Group lobbies against LNG investments
MANILA -Southeast Asian countries — most especially the Philippines and Vietnam — that are dependent on liquefied natural gas (LNG) as a transition fuel need to revisit their energy policies and consider the drastic environmental impacts of the fossil fuel to meet global climate targets, according to a study.
Singapore-based research and investor relations firm Asia Research and Engagement (ARE) found that LNG, which accounted for 17 percent of the Philippines’ fuel for power in 2022, had “higher than expected” carbon dioxide emissions.
According to ARE, LNG emissions are expected to breach that of coal in the long-term, especially when accounting for upstream emissions, or those released during shipment and production.
“LNG’s carbon intensity rivals coal’s once upstream emissions are included in calculating its environmental footprint. When fugitive methane emissions during shipment and transport are added, LNG’s emissions may even surpass those of coal,” ARE pointed out.
Methane is the largest component of natural gas and is leaked throughout LNG’s life cycle. With coal still accounting for nearly 60 percent of the Philippines’ power requirements despite high renewable energy development targets, the national government has been strongly advocating for the use of LNG as a transition fuel, citing less emissions than that of coal.
In August, the Department of Energy (DOE) released a draft circular outlining the policy framework on LNG development, going as far as proposing to require distribution utilities to source a percentage of their electricity requirements from gas-fired power plants.
Various organizations including the Institute for Energy Economics and Financial Analysis (Ieefa) had clamored against the proposed policy, saying that LNG was “significantly more expensive than other energy sources.”
The Philippines currently has only one indigenous gas field — the depleting Malampaya in offshore northwest Palawan province — which means that it has to import LNG to support the needs of gas-fired power plants. ARE noted that despite the International Energy Agency’s projection that global LNG use must peak by 2025, its popularity continued to grow.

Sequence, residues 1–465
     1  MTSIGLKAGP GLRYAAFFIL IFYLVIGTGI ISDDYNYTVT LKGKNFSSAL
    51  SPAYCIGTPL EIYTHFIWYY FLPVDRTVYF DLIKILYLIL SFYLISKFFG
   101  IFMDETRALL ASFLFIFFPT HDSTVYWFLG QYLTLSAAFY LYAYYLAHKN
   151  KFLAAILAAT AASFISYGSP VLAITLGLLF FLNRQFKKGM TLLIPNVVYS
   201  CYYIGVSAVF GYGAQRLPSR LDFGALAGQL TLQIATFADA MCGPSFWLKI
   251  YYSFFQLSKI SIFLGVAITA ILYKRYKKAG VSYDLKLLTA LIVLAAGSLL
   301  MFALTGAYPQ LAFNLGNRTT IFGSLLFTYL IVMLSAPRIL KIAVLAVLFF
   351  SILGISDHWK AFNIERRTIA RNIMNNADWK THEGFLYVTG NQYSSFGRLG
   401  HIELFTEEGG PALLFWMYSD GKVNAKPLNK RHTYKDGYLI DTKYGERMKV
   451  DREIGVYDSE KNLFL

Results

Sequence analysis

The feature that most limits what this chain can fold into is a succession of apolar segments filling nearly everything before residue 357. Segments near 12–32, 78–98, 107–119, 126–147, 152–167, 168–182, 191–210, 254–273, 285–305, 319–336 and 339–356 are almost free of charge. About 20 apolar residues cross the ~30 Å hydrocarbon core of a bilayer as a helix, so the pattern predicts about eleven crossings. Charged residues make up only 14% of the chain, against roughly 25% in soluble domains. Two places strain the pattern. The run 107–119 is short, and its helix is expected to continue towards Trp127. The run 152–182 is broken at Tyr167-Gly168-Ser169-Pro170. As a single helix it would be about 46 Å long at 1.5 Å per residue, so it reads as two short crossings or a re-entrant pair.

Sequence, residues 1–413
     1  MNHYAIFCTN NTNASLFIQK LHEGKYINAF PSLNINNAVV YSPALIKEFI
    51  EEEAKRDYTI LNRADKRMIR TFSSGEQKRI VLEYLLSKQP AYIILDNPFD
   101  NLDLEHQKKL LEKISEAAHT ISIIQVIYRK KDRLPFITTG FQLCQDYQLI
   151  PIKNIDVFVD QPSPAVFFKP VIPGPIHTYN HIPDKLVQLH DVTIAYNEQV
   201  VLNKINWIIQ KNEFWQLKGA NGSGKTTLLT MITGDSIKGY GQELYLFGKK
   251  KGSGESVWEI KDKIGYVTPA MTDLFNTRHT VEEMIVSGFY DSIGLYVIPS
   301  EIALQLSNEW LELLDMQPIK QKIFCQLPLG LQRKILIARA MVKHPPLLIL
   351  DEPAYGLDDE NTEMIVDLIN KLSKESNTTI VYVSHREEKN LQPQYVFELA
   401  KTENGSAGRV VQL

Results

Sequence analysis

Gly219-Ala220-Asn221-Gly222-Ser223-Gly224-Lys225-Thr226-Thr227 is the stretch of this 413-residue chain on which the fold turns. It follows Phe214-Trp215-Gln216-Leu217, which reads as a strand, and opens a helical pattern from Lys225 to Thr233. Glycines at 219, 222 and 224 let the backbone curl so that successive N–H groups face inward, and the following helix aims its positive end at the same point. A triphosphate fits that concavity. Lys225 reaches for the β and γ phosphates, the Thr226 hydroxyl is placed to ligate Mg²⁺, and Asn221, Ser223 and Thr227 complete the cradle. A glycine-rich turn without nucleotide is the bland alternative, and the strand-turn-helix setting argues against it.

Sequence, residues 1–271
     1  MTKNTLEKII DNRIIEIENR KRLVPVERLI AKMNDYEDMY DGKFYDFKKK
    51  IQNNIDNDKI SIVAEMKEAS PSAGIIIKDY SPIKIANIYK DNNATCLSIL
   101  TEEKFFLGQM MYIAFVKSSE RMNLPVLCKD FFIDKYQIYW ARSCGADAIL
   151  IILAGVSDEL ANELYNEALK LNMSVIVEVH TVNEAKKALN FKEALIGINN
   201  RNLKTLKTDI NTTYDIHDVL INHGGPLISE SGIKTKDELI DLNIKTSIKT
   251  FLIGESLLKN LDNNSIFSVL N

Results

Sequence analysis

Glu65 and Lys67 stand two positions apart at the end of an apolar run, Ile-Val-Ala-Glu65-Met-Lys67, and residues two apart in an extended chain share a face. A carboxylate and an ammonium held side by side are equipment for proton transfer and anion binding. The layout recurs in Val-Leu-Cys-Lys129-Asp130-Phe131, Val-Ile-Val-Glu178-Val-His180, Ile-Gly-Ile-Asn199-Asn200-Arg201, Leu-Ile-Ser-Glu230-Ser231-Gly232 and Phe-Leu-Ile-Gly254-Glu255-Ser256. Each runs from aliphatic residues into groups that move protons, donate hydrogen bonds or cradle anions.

In the Philippines, ARE said, there are plans to build seven LNG terminals, representing $13.6 billion in combined investments.
“Ieefa warned that building so many new LNG projects raised the risk that some would fail to secure reliable long-term buyers and thus end up underutilized or unfinished,” it said.
Ieefa also argued that retail power customers were allowed to choose which utility to buy power from under the Electric Power Industry Reform Act of 2001, making them “reluctant to commit to long-term fuel purchase agreements.”
Citing a 2021 Ieefa study, ARE added that this created “a more challenging environment for LNG projects that rely on long-term supply contracts to justify their large upfront investments.” Instead of prioritizing investments in LNG, Southeast Asian countries should revisit their energy policies and give “greater priority” to developing renewable energy, ARE said.
“The Philippines and Vietnam should halt plans to build new LNG terminals and gas-fired power plants. They also need to revise their long-term energy plans to reflect LNG’s life cycle emissions, not just those created burning it,” it said.
Financial institutions are likewise encouraged to reassess their lending policies and consider banning new LNG financing and phased divestment from existing LNG projects.